The challenge of Politicking

Our world, and the countries that make it up, has become deeply divided. There may have been a time in history during which people could come together and discuss specific issues facing a community or a nation in a civil way. Today, the issues are too complex.  To relieve the complexity, there is a tendency to bundle issues together and to define one’s opinions as part of a general set of tendencies. For example, labels such as “progressive”, “conservative”, “liberal”, “Republican” or “Democrat” now carry with them the implicit assumption that, by identifying as one or the other, an individual has a consistent set of responses to every issue. The bundling of issues in such a way may make life simpler, but also results in not having to read too much or be a critical thinker, and leads to unnecessary conflict.

I have beliefs around gender equality, LGBTQ rights, Israel, human rights, racism, health care, reproductive choice, educational quality and more. When I go down the list, my opinions do not follow a strict “party line”. I have never pulled a lever in an election to vote a straight party ballot. And when there were online “tests” during the last presidential election to assess which of the candidates I most closely aligned with, I pretty much confused the algorithm, resulting in several candidates that I could conceivably vote for, but no clear recommendation.

In any case, as a rabbi and a nonprofit executive, it is important that I do not endorse candidates or parties, so having a set of beliefs that don’t easily conform easily actually works well for me. But, while I don’t endorse specific candidates, it is important that I take stands on the issues that have clear moral imperatives. Admittedly, it is a fine line, but here’s what governs the matters I go public on:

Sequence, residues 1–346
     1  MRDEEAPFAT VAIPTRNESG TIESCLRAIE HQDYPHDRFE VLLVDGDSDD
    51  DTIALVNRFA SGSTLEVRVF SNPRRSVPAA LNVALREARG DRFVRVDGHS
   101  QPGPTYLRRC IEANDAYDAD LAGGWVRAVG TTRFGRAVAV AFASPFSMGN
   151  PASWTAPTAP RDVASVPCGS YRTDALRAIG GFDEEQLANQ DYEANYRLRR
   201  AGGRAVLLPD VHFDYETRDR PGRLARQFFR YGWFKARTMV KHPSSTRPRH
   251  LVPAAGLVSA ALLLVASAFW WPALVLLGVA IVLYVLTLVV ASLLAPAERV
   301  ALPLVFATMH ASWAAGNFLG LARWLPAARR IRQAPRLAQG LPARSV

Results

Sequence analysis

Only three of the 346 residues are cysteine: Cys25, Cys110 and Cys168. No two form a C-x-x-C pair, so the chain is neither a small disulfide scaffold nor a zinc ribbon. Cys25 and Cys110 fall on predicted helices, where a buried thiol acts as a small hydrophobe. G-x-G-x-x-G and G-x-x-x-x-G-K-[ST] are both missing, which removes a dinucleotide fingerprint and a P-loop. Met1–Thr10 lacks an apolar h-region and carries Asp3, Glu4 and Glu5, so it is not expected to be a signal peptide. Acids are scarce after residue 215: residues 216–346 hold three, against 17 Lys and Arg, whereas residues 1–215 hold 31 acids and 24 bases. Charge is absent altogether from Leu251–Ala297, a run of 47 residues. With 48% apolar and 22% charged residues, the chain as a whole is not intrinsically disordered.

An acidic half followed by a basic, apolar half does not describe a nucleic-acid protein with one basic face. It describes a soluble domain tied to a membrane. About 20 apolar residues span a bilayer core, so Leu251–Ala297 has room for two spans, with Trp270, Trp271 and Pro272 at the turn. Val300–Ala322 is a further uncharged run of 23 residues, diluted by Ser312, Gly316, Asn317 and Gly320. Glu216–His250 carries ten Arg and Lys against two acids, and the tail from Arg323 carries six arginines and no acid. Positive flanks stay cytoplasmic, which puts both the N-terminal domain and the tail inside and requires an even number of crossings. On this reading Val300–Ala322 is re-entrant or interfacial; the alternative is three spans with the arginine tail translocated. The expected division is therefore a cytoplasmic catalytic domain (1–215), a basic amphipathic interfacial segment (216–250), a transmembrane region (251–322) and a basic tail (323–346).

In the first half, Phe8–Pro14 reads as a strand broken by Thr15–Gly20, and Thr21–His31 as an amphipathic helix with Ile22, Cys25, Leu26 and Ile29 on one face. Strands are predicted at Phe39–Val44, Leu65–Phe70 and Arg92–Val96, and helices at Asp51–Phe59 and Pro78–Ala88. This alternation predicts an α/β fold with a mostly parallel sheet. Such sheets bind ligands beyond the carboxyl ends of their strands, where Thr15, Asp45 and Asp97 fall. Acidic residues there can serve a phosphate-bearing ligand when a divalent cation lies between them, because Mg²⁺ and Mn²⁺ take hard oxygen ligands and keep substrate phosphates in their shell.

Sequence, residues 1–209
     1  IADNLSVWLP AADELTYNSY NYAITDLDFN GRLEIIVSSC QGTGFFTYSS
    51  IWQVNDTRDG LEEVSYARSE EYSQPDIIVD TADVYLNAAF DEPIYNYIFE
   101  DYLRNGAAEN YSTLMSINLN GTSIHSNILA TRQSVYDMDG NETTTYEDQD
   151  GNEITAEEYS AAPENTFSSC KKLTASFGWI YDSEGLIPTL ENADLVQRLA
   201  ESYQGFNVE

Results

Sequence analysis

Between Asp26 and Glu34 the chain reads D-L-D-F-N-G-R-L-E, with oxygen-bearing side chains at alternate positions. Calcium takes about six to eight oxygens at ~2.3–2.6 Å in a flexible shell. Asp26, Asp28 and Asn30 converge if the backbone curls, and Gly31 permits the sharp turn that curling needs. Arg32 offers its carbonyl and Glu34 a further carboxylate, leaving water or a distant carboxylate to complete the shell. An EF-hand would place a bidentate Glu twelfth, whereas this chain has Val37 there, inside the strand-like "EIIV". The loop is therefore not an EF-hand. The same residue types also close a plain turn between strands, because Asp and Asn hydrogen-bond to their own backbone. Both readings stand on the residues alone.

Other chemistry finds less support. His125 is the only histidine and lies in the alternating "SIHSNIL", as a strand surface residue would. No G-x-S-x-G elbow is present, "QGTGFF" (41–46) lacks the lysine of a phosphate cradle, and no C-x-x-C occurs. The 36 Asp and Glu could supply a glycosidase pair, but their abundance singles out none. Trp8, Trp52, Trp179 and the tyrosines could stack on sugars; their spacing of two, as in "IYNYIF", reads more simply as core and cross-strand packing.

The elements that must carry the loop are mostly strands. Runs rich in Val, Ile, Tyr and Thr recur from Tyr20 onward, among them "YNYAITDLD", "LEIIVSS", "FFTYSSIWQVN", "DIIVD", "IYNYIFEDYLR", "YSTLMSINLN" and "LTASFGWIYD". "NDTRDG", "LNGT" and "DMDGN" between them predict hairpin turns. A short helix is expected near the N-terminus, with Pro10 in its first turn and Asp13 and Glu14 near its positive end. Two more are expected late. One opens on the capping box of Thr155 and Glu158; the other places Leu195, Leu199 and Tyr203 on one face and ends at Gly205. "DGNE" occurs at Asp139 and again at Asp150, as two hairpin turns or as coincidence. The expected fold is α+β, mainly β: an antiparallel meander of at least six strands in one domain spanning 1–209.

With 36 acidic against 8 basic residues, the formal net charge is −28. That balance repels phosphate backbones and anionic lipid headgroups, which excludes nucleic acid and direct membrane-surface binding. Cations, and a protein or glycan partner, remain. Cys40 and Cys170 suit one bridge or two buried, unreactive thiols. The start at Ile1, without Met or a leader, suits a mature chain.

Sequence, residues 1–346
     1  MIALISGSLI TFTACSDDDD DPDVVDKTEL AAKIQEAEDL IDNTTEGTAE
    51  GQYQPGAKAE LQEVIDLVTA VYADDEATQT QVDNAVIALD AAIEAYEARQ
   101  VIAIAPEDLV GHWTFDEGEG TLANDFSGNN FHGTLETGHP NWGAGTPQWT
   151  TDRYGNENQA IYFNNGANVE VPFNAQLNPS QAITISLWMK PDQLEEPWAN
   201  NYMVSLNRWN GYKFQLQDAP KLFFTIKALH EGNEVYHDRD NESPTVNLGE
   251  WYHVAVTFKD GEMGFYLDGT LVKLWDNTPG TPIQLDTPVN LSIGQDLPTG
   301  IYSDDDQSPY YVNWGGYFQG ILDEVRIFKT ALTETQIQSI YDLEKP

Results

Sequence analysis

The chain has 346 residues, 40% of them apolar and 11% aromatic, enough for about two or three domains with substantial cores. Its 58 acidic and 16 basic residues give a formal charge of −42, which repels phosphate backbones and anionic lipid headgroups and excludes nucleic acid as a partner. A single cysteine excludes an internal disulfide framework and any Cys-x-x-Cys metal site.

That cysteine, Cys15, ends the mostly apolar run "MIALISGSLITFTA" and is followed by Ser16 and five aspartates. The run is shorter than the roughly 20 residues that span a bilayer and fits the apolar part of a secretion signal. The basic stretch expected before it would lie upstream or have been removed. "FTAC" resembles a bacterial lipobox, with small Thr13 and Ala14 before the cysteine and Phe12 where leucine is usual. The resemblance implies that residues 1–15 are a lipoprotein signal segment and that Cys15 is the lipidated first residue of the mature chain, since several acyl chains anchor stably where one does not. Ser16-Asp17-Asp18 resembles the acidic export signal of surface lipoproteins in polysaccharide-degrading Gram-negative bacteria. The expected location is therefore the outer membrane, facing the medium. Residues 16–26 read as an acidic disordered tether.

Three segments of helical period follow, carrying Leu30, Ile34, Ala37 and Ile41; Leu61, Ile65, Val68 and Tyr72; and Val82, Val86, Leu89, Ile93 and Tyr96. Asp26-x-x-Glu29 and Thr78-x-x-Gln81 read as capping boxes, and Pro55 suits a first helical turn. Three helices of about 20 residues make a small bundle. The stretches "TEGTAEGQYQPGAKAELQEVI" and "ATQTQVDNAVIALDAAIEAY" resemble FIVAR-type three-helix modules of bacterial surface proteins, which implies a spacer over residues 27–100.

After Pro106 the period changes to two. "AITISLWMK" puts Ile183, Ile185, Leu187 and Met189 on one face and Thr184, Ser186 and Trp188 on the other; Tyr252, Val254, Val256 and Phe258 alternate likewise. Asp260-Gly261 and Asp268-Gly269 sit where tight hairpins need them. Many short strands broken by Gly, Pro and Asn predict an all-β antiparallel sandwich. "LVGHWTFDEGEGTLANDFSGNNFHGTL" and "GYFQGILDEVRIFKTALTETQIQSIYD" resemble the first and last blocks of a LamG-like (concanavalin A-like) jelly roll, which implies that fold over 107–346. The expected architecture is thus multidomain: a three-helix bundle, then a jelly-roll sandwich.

• Integrity of public officials. Expecting candidates to keep every campaign promise is pointless. I don’t necessarily vote based on candidates’ views on issues, as much as I look to whether they are individuals of integrity with clear values. And once in office, I will take a public stand if I feel they are betraying a public trust.
  • I care about the United States of America. It (and a few states) supported my education, has been keeping me safe, and continues to provide me with opportunity. Trash it, and you’ll hear from me.
  • I will absolutely go public in support of Israel’s aspirations as a secure, democratic state, and one that I would like to see taking the moral high road.
  • Human dignity (“in the image of God”) is a moral absolute for me. Whenever I think it’s under attack, expect a response.
  • Respect and menshlickeit (being a decent person) matter. I won’t accept trash talking, bullying or insults in the public domain.


That’s about it. If I appear too silent at times, I may be trying to defend my organization’s tax-exempt status. But silence does not always mean acquiescence.

What are your hot buttons for responding to issues?



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